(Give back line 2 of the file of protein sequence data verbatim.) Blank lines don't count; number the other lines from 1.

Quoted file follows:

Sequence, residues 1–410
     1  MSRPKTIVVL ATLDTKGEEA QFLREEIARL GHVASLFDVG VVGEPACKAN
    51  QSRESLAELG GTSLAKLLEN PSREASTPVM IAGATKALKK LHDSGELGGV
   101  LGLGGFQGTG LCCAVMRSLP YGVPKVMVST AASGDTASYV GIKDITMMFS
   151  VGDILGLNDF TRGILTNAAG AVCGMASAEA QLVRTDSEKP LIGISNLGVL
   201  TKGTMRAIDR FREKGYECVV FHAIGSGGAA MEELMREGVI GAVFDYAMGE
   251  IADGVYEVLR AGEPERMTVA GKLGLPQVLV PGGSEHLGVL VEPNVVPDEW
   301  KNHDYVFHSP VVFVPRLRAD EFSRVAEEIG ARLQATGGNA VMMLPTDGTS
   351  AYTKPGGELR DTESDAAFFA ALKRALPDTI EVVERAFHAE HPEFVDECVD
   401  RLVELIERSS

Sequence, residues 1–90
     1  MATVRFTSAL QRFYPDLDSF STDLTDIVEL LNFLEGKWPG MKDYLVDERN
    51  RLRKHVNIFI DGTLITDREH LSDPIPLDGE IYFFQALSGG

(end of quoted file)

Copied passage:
     1  MSRPKTIVVL ATLDTKGEEA QFLREEIARL GHVASLFDVG VVGEPACKAN